To set the record straight, or uh, wavy… “curly” hair describes a wide range of hair fiber shapes from twists and crimps to waves and coils.
Haircare professionals use a scale from 1 (straight) to 4 (super curly-coily) to describe hair type. This method was first created by hair stylist Andre Walker and is based on numbers corresponding to shape (1 = straight, 2 = wavy, 3 = curly, 4 = coily) and letters corresponding roughly to hair thickness/character of shape (A = fine/loose, B = medium, C = thick/tight).
Scientists have historically categorized hair into three major ethnic types—Asian, Caucasian, and Afro—which have distinct characteristics sorted by rough global geographic location. Of course, this is a drastic oversimplification, as it excludes many, and most people have hair with hybrid qualities anyway.
Newer research proposes moving away from that classification to something a little more inclusive called the segmentation tree analysis method (STAM) that classifies hair into eight curl-type groups based on hair curvature (I - straight to VIII - tightly curly). And since we love all hair, we like this method.
SO, WHAT CAUSES NATURAL CURLS?
The answer is genetics.
Curly hair is considered a “dominant” gene trait, meaning if one of your parents had curly hair, they gave you two curly-haired genes, and you’re more likely to have curls. On the other hand, straight hair is considered “recessive.” We’re bringing it all the way back to high school biology.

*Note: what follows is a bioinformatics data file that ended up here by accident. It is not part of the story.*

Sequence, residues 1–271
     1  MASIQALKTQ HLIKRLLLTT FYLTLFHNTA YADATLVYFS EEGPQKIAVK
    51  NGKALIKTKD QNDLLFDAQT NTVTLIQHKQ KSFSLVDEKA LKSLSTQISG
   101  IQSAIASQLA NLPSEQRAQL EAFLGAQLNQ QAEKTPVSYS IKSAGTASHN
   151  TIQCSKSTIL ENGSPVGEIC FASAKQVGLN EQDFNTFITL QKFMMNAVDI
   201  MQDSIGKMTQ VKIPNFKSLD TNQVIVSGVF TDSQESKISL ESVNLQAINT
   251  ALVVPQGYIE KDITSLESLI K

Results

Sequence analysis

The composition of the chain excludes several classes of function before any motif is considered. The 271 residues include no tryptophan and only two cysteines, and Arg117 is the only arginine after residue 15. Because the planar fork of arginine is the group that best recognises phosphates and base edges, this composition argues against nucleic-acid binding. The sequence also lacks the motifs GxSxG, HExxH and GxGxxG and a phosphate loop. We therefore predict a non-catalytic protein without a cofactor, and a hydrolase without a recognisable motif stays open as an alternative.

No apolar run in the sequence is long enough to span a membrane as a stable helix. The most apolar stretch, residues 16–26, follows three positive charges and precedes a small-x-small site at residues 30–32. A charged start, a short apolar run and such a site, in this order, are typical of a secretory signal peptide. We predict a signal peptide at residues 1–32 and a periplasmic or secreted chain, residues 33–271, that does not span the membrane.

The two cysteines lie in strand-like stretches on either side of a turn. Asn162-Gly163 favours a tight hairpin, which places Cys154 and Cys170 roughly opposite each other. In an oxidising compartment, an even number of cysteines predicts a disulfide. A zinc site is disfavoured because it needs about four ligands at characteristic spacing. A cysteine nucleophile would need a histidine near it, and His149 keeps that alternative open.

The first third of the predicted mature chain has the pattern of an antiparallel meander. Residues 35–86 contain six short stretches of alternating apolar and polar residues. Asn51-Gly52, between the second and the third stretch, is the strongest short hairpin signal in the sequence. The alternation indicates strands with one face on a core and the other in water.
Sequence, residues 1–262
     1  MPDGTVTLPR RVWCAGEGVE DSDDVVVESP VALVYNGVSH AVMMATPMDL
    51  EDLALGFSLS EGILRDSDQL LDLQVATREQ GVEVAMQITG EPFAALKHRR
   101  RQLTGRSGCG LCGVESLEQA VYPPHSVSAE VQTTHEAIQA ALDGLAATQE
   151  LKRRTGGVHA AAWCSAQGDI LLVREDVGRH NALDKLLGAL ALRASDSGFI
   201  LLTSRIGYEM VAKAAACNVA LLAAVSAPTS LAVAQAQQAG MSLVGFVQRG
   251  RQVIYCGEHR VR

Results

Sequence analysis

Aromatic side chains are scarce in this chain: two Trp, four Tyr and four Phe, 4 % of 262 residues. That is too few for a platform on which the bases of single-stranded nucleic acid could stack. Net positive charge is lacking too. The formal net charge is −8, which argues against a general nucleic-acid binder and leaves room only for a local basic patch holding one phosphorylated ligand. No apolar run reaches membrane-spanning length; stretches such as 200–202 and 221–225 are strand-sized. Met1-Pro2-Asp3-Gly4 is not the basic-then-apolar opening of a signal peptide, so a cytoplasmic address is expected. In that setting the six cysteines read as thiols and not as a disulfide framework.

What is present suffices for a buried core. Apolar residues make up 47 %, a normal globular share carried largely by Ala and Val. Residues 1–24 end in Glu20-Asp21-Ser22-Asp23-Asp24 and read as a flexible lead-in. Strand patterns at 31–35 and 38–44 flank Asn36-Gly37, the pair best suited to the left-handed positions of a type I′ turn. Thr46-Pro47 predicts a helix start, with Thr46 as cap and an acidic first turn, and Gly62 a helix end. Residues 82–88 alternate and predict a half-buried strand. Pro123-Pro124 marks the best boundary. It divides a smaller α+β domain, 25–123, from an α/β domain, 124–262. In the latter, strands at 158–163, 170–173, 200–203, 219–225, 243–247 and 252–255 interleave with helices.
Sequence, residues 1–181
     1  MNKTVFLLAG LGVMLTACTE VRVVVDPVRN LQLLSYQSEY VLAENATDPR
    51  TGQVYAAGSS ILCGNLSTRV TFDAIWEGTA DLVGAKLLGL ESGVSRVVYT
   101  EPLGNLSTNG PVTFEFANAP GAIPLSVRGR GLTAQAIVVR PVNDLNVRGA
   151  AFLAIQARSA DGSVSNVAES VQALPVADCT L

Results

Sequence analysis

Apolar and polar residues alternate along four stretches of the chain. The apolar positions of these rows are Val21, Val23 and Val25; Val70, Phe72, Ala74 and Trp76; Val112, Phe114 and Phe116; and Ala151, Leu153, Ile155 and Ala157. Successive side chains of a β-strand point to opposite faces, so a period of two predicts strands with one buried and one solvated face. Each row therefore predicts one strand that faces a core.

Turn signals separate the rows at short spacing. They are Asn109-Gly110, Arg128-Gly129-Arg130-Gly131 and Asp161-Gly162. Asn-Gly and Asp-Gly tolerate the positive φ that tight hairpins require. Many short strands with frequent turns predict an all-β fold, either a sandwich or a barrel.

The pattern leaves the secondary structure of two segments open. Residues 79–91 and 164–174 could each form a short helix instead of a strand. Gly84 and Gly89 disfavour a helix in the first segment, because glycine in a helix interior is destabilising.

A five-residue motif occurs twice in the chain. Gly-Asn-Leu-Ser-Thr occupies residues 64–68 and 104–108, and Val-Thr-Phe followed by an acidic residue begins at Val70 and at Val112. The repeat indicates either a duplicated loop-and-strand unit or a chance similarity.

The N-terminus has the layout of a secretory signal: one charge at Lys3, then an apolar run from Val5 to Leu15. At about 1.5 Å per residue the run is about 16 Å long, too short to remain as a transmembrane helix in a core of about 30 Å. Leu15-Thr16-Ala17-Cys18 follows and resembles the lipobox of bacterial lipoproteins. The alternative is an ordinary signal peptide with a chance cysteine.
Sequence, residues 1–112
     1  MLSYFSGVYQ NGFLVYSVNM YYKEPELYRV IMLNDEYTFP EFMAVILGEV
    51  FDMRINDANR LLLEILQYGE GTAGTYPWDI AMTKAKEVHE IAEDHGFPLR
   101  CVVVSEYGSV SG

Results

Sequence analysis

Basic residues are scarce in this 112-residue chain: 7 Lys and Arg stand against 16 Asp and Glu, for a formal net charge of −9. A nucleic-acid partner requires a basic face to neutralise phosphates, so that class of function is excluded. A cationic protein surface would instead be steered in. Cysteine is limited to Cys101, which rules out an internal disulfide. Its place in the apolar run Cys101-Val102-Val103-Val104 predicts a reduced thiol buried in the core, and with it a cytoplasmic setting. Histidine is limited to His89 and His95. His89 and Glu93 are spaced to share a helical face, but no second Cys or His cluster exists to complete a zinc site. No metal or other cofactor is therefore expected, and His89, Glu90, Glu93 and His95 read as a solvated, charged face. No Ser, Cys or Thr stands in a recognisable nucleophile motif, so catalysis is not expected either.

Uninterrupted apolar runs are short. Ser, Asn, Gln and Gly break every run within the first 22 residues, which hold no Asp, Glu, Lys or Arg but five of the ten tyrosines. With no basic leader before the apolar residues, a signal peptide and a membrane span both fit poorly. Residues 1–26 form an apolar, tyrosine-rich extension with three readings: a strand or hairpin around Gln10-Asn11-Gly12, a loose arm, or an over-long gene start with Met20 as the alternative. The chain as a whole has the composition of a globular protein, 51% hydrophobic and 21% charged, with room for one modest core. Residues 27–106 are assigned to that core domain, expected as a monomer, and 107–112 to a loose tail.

Genetics determines the shape of your follicles - the complex organs that regulate hair growth and produce hair.
HOW DOES THE CURL HAPPEN?
Naturally curly hair is due to the shape of the follicle. People with symmetric or round follicles produce hair that emerges round and straight. People with asymmetric follicles produce oval-shaped hair that tends to curl.
The follicle is complex because it consists of 20 different cell types (wow), each with a specific function. Hair starts growing at the bottom of a hair follicle. The hair root consists of protein cells nourished by blood from nearby blood vessels. As more cells are created, hair grows out of the skin and reaches the surface.
From The Dynamic World of Hair, you might remember that hair is 95 percent keratin. Keratin’s properties are determined by the specific arrangement of strings or chains of amino acids.
When you look at a cross-section of hair through a microscope, straight hair has a more round, uniform shape with an even (or symmetrical) distribution of keratin. Curlier hair has a more oval or flattened shape with an uneven distribution of keratin - the keratin structures form asymmetrically, with more of a certain type on the inside of the curve of a curled hair (say that 5 times fast). Curly hair can even have a different number of cuticle cells on the inside and outside of the curve.
You’ll note both straight and curly hair are comprised of keratin, which is why is not good for strength of all hair types when those keratin chains break. So while the shape or distribution of keratin may be different, on a molecular level all hair is the same.
Ok, cool so now that we’ve covered shape, let’s address some of those curly hair “facts” floating around out there and see if the science matches up.
MINI CURLY-COILY MYTH BUST
CURLY HAIR IS WEAKER THAN STRAIGHT HAIR: FALSE…sort of
The structural proteins in curlier hair are no weaker than those in straight hair—the proteins (or polypeptide chains) in hair are the same. However, curlier hair is more vulnerable to breakage from grooming/brushing/styling because of the torsional strain ( pulling it out of its natural shape, like stretching a spring) that mechanical manipulation causes. Taking a comb or brush to straight hair helps get out tangles, but stretching a curly hair deforms and strains the structure far more than stretching a straight hair.